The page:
Nine months after the injury, 8% of the children still had functional limitations for at least 1 EQ-5D dimension. Hospitalization was a significant and independent predictor for long-term disability (Table 4). Girls had a 3 times higher chance for suboptimal functioning in the long term than boys, which reached significance after adjustment for hospitalization (adjusted OR: 3.0). The other variables did not show significant associations with functional outcome in the long term. Because of their 3-fold risk of suboptimal functioning, girls (54%) outnumber boys (46%) in the group with residual disabilities at 9 months. Despite the increased risk for a bad functional outcome among injury patients who were admitted to the hospital, 74% of children with residual disabilities had not been hospitalized.
The vast majority of injured children reported a good health status already within 3 to 5 months after the injury, and almost every child has fully recovered after 9 months. Of all injured children, 26% had at least 1 functional limitation after 2.5 months, 18% after 5 months, and a group of 8% of children still reported functional limitations after 9 months. After 9 months, the highest levels of dysfunction existed for pain/discomfort (7%) and usual activities (5%). Female gender and hospitalization were significant and independent predictors for long-term disability.
Hospitalized children had a 3- to 5-fold risk for suboptimal functioning in the long term compared with nonadmitted children. Almost one fifth of injured children who stayed in the hospital for >3 days still have pain and problems with usual activities after 9 months. Girls had a 3-fold risk for showing at least 1 functional limitation in the long term, compared with boys, and had higher prevalences of disability in all health domains.
The strength of our study is that it contributes to the empirical knowledge about the health status of a comprehensive group of injured children over time and differences herein by sociodemographic factors and types of injury. We deliberately included minor injuries and nonhospitalized children in our study. Our study shows that minor (nonhospitalized) injuries cause three quarters of all residual impairments and disabilities. Thus far, this large group of ED attendees with minor or moderate injuries has received little attention.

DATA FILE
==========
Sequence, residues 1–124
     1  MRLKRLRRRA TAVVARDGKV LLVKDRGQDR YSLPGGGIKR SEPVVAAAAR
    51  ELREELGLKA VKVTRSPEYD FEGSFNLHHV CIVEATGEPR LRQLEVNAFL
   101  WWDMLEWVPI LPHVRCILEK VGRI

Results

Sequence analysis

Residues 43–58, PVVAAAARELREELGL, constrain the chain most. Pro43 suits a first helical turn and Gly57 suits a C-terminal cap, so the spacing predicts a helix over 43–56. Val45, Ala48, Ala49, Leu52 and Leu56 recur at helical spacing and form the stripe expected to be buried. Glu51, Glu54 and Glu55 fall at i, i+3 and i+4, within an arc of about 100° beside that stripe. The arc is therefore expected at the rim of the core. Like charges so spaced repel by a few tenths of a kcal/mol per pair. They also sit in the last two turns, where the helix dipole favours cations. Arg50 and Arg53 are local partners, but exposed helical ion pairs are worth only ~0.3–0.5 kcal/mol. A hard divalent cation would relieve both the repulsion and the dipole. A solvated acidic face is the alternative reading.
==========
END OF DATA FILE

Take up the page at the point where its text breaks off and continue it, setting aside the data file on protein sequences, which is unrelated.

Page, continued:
A major limitation of our study was the relatively low response. From the original study sample of injured children who had visited an ED, 43%, 31%, and 30% were still included after 2, 5, and 9 months, respectively. This is attributable largely to the use of postal questionnaires, because we were limited in the use of response-increasing incentives. Because of privacy reasons, it was not feasible to use reminders for the first questionnaire, but we did so for the second and third questionnaires. However, we had much background information about the nonrespondents and adjusted the data for nonresponse bias after an extensive analysis in which the impact of patient- and injury-related factors were investigated. Moreover, most differences between responders and the original study sample were not substantial.
Another important issue to be discussed is that most of our data on functional outcome of childhood injuries were obtained from parent reports. There is substantial debate in the health outcomes literature about the most appropriate respondent when assessing children's health.28 First, children's self-report may be theoretically preferable because it is consistent with the subjective nature of the EuroQol (made for self-completion), and evidence is emerging that children are able to provide accurate and reliable information concerning their health status.7 Hennessy and Kind29 argued that it is at least possible to use the EQ-5D for self completion with a school-aged population (12–18 years). Particularly younger children are not able to provide reliable information on abstract, health-related concepts.30 Only a small group of children (10%) who were younger than 12 years completed the questionnaire themselves. Second, functional outcomes may differ after completion of the EQ-5D by child or parent.31 An advantage of using parents as proxy reporters is that adults generally can be expected to provide more reliable responses on more complex, psychologically oriented measures. The literature mentions that parental reports may overestimate the child's functioning, especially when assessing the physical functioning.7 This can also be confirmed by our research outcomes, because parents valued their children's health better than children themselves (0.93 vs 0.91 after 2.5 months). The higher prevalence of disability of girls in the long term is not influenced by parent proxy reports. For both boys and girls, the parents reported a worse health state than did the children themselves. The parents may realize that the injury could have resulted in a worse outcome and that, with respect to the initial injury, their child is doing well.7 Although the exact values between child and adult might be different, previous research suggested that at least the ranking order largely will be the same.21